1) Tutorials use it because htdocs is the default content folder. MAMP sets it up that way because it’s also the standard location for an apache server, but since you’re working locally, there’s no real need to worry about that one way or the other.

    2) To have an easier shortcut to their default folder, of course!

    Since you set a different default folder, neither of those matters one whit for your installation.

    3) Auto-update works just fine in local installs.

    1&2) Got it! Thank you!
    3) How do you get past the FTP Screen when trying to update locally? I’ll try this method:



    Eughh, I’m having problems with multiple installs on MAMP Pro and I thought I made the fixes that Robnonstop did, but I’m not having success. Here’s what I’ve done:

    1. Create a new database (collated) in PHPMyAdmin.
    2. Create and re-name a new WordPress site folder (“myfirsttheme”) in MAMP htdocs folder.
    3. In MAMP Main Window, create a new localhost (localhost2). Point Disk location to the htdocs folder (/Applications/MAMP/htdocs).
    4. In WordPress folder in htdocs, re-name wp-config-sample.php to wp-config.php. Put in database name, PHP username, password, and host (localhost2). Add unique salts and prefix and save.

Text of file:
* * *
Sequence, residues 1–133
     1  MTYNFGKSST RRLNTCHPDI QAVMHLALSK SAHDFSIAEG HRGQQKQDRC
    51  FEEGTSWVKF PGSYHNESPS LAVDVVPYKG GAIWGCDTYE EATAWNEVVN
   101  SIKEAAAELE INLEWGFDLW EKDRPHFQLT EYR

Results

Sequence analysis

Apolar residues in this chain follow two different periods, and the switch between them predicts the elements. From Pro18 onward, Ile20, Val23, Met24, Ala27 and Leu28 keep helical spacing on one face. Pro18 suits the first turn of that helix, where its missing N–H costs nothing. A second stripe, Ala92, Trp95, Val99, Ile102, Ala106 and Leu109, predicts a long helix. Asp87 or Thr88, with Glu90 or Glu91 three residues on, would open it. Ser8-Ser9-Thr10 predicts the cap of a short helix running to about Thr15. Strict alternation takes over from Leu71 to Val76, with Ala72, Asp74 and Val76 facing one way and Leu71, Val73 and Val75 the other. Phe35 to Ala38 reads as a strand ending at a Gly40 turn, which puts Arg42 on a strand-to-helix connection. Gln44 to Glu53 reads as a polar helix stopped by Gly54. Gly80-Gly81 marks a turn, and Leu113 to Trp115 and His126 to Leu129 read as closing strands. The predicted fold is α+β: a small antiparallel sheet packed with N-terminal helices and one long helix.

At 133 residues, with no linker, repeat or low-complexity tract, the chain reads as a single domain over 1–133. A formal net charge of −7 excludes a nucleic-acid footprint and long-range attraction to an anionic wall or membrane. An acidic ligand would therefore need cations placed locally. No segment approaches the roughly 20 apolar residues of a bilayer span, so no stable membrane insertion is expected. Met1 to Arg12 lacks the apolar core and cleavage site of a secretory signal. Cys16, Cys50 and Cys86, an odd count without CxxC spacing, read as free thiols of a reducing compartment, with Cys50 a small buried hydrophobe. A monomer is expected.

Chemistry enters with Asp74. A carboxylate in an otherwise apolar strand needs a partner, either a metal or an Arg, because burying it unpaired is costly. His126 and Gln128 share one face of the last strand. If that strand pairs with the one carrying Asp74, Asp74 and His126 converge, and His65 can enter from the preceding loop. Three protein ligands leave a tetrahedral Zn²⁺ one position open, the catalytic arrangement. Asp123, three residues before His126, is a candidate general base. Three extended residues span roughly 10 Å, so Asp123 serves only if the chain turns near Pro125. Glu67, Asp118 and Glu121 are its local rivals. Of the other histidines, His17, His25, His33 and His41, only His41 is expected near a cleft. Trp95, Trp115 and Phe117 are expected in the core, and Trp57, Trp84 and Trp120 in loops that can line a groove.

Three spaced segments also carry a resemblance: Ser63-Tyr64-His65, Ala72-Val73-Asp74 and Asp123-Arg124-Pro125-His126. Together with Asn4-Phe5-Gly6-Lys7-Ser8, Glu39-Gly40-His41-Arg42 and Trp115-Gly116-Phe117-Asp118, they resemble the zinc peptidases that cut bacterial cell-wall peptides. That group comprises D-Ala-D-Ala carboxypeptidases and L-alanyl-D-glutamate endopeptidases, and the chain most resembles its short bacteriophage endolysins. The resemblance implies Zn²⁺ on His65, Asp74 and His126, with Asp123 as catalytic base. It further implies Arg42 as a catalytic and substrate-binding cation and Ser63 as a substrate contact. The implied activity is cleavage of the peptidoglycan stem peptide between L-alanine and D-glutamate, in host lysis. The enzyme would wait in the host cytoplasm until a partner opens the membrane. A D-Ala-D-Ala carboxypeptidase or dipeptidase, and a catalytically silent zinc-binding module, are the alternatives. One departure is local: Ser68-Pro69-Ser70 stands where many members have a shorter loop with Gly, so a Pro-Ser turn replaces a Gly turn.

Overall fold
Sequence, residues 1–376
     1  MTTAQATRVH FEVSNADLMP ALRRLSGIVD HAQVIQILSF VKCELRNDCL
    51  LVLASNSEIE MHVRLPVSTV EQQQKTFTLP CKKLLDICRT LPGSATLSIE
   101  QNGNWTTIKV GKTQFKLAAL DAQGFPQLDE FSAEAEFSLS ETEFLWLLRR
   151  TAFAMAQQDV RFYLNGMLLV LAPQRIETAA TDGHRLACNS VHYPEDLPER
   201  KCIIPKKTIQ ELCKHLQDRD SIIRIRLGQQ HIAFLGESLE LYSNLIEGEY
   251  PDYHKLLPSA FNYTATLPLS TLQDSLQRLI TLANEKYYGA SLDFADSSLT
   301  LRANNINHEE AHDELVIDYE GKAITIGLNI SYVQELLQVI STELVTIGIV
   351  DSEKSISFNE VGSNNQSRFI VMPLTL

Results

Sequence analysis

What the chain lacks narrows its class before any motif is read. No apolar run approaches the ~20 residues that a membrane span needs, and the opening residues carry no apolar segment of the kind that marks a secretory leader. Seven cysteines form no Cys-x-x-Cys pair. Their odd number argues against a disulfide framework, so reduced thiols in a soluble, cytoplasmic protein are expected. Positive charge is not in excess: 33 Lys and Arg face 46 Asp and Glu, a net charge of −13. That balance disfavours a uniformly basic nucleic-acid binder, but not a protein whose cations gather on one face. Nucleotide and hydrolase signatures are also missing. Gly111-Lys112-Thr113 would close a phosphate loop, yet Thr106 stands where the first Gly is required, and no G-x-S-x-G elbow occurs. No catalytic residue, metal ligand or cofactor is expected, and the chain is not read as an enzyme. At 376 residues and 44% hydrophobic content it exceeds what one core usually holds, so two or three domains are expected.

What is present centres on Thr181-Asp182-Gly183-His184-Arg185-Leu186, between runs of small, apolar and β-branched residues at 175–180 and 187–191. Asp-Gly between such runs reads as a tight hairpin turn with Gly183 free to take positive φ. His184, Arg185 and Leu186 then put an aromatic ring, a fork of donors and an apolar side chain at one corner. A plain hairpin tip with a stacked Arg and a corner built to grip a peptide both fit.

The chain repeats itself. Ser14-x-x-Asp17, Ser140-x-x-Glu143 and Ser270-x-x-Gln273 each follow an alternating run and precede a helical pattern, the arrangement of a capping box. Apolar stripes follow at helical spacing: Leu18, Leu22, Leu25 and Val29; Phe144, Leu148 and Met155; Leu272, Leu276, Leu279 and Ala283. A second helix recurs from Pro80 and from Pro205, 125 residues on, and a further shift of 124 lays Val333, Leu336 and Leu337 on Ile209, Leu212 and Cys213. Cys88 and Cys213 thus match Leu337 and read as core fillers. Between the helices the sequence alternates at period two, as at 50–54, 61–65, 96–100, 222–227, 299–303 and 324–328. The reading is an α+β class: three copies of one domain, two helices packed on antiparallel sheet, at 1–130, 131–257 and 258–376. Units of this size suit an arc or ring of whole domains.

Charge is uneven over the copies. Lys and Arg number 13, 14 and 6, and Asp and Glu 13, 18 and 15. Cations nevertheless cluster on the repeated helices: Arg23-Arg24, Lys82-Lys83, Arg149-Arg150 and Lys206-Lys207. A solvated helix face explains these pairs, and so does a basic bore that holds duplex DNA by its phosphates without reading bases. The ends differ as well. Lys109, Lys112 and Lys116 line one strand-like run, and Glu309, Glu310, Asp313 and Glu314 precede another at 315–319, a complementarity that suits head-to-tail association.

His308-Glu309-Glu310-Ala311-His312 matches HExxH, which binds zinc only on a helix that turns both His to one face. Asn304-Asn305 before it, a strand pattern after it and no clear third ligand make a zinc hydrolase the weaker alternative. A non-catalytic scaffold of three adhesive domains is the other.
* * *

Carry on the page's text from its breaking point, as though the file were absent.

5. Try to access localhost2:8888/myfirsttheme on my browser.

    But it doesn’t work!! It says “error 500: error establishing a database connection”. If I go back into wp-config and change the host to simply “localhost” I can get onto the site (have to type in localhost:8888/myfirsttheme). But then somehow I get the error when I try to add media: “Unable to create directory wp-content/uploads/2012/10. Is its parent directory writable by the server?”. When I haven’t blocked any permissions. How can I get my site to work??

    I have two wordpress folders in htdocs (wordpress and wordpress2) and use two databases (wordpress and wordpress2). The first site admin dahsboard works fine, but the second is corrupted – as in the CSS seems to be gone so I can’t use it….any ideas on what the problem is?

Viewing 15 replies - 1 through 15 (of 15 total)